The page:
I recently returned from Arizona, where I attended the Portrait Masters Conference, hosted by Sue Bryce, one the best educators and mentors in the business.
Photography conferences are typically a mix of speakers with some opportunity to do a little shooting. And there’s always a trade show where manufacturers show off the latest cameras, lights, bags, albums and gadgets.
Relative to other photography conferences, this event was quite small — about 500 people. A few of these conferences reach over 10,000 people in attendance — which can be overwhelming. But with a manageable few hundred attendees, we had all easily made a few new friends. It’s a group sized right to see the same faces a few times, reducing the awkward “I’m not sure if she remembers me from yesterday” thoughts. Oh, and there were a few Oprah-style giveaway moments for added excitement!
The Keynote Talk
All the speakers were outstanding. In fact, as soon as I saw the speaker list, I was sold. Platon opened the event with a truly riveting keynote talk. We were on the edge of our seats the entire two hours — it was that good! If you’re not familiar with Platon, look up the the Netflix show “Abstract.” He’s featured in a photography episode. Platon has photographed some of the world's most powerful, controversial and mysterious people — Snowden, Putin, Clinton, the Obamas.
His message was partially a reminder that we, as photographers, can (and do) change the world with a picture. Now much of his work includes “ordinary” people in a particular struggle. Of course, his status brings attention to anyone he photographs, and he fully leverages that fact. Most of us don’t have millions of followers, but he was adamant in his point nevertheless. I believe it. The right picture will be elevated, even just among a few followers. But it must be shared to start.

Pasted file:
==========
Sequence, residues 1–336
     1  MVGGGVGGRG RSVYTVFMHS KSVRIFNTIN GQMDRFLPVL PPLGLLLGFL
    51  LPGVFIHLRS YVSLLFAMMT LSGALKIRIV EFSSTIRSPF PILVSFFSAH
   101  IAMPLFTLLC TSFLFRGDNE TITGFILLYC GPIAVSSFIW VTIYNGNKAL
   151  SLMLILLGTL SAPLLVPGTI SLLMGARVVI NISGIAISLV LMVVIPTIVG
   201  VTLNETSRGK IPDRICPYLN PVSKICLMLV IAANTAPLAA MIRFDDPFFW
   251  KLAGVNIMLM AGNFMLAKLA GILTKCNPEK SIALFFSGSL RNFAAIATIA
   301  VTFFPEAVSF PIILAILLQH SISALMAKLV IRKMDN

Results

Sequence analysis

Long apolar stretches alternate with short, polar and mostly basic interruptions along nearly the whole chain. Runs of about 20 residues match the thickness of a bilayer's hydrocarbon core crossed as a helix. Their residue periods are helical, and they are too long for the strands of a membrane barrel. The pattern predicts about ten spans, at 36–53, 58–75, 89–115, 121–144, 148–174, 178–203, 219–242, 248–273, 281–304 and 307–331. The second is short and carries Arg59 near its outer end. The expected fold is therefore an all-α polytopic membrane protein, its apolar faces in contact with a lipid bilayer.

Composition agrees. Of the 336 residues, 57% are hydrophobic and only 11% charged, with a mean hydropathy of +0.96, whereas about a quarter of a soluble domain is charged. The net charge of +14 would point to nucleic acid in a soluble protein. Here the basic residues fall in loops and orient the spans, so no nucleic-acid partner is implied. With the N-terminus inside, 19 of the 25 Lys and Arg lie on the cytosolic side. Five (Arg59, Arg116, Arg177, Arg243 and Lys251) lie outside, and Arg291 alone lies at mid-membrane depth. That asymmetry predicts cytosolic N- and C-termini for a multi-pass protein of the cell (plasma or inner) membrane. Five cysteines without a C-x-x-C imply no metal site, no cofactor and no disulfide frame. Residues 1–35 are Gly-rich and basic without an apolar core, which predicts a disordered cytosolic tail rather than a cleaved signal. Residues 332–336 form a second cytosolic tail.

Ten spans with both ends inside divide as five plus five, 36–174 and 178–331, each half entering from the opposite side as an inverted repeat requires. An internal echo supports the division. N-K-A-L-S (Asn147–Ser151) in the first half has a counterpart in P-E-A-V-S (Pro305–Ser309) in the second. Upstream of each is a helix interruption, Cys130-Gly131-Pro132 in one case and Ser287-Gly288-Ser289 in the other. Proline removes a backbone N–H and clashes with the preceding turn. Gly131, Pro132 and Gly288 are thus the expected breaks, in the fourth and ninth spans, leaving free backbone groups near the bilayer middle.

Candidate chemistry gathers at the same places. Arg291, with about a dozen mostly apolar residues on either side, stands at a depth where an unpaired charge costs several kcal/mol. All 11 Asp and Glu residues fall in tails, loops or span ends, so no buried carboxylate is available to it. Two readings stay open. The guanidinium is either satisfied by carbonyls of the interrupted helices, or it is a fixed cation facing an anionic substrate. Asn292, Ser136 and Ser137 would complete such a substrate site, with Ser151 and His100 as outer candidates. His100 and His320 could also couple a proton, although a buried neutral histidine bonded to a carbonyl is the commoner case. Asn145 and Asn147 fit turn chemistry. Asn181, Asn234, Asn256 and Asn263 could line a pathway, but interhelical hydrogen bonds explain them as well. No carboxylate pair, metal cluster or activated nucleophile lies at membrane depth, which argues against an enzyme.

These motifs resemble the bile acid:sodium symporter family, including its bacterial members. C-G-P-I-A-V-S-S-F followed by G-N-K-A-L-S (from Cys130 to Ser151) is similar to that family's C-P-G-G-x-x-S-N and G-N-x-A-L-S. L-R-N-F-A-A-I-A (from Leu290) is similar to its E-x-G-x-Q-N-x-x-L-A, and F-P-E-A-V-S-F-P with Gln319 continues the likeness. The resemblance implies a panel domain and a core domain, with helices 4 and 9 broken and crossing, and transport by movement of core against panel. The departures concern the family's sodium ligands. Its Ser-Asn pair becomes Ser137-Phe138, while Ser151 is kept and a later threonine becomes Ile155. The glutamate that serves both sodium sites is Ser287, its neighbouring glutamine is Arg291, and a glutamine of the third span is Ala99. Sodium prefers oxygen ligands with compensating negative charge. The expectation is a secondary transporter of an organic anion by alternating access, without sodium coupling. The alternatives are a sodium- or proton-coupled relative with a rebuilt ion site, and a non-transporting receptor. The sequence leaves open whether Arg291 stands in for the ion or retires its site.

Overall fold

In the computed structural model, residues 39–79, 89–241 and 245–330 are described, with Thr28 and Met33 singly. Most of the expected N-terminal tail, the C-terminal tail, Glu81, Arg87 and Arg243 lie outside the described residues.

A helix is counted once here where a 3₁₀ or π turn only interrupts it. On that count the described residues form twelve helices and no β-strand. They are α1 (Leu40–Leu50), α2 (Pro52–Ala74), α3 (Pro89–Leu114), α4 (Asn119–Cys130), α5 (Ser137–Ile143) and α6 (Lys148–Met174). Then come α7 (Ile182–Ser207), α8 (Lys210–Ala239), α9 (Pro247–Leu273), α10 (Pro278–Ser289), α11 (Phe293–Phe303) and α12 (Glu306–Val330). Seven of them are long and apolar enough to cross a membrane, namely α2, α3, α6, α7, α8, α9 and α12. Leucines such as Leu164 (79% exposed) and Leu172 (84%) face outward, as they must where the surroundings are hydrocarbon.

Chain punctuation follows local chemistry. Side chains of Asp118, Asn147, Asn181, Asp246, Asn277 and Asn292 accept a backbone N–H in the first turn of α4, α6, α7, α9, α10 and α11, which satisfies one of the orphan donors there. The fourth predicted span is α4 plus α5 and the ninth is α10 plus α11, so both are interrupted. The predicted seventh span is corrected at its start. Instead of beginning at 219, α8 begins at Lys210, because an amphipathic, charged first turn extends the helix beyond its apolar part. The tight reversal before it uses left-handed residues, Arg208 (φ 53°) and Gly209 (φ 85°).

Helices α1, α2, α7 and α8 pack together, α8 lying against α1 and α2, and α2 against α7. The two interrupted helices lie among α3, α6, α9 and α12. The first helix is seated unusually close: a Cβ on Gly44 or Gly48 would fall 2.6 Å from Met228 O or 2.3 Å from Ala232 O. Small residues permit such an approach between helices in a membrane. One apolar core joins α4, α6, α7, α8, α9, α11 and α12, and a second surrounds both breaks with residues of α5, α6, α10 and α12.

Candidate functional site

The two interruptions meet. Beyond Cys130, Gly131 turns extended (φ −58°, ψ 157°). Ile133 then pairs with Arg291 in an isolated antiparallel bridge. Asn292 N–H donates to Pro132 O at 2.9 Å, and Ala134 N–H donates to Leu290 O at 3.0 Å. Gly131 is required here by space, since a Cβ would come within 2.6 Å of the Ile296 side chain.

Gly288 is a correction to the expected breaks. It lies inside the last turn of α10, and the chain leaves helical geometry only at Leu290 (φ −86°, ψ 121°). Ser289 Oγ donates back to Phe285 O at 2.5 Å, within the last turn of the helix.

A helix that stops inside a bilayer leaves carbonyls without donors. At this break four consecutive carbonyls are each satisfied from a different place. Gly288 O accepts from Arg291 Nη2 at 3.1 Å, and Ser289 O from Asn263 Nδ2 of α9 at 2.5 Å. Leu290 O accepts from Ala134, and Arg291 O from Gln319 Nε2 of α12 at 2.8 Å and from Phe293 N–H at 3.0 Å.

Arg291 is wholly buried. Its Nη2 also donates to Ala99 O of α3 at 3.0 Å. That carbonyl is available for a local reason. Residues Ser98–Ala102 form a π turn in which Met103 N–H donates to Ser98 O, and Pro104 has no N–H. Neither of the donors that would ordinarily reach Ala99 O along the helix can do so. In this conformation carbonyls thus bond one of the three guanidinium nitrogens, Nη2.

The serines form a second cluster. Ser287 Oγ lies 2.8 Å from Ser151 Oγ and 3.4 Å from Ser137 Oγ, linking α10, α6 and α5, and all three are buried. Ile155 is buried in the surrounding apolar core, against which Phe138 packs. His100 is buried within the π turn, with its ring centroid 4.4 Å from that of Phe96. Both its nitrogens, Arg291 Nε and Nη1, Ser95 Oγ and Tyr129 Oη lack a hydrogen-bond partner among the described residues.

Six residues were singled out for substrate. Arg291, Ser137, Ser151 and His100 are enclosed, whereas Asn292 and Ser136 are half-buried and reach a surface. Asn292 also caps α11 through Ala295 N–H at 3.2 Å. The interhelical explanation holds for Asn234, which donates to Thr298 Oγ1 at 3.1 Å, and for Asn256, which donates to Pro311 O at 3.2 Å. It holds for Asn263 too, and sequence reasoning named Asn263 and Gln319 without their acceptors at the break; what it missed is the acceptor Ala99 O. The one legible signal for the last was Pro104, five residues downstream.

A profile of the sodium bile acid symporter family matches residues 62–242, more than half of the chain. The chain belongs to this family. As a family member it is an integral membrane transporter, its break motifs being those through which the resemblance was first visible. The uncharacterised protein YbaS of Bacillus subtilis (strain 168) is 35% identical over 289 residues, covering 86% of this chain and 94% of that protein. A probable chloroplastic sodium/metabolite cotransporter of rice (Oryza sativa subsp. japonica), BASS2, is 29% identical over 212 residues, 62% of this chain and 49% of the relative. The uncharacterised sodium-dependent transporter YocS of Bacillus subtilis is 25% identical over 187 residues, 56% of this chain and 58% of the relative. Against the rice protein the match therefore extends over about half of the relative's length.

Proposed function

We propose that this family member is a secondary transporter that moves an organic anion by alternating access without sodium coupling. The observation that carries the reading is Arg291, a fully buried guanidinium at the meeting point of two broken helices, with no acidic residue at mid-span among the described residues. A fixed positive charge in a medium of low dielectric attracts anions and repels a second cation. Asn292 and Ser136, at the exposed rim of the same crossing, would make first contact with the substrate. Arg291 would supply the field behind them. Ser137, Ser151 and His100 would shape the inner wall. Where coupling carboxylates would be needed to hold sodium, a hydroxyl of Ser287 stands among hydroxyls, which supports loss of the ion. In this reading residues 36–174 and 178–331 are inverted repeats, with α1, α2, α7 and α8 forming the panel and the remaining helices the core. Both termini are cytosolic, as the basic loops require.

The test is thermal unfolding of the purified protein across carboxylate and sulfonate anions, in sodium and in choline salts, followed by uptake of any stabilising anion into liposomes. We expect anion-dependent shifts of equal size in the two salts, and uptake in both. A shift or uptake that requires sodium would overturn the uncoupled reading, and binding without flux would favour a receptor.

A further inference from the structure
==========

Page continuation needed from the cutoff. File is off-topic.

I think this would be a good place to add a subhead since you jump back to Sue and the conference overall
Lifelong Learning as a Photographer
One rather unique piece to this conference was the ample time we had to shoot. No matter your skill level, there’s always something to learn as a photographer. Sue’s team had set up dozens of shooting areas with styled models and assistants, ready to help with posing. It was a great opportunity to try out new techniques, perfect posing guidance, and just build confidence for the newer photographers.
I’ve attended several workshops over the last few years, and it’s a treat to have professional models in the mix. But it’s easy to get spoiled. A good model will just keep moving. It’s honesty difficult to take a bad shot. Upon getting back to the real world, it’s a bit of shock when you expect clients to prance around the set. Instead, most will stare back nervously, waiting for some direction. To me, this is what most fulfills me about photography — helping a ordinary person feel like a supermodel for an hour.
Running a photography business is easily 80 percent business and 20 percent taking pictures. Sue Bryce stands out in the crowded industry of photographic educators as one who knows this and doesn’t ignore it. It goes without saying that her teaching of photography is excellent. It happens that her point of view is much more fine art in nature than my corporate portraiture, but all the lessons still apply in some way. It’s the way she teaches business that I believe really sets her apart. She addresses head on so many challenges that all creative small business owners face (regardless of industry). Confidence and networking are two big topics. It’s the kind of stuff not taught in business school, but couldn’t be more critical to success.
I can’t wait to go back next year.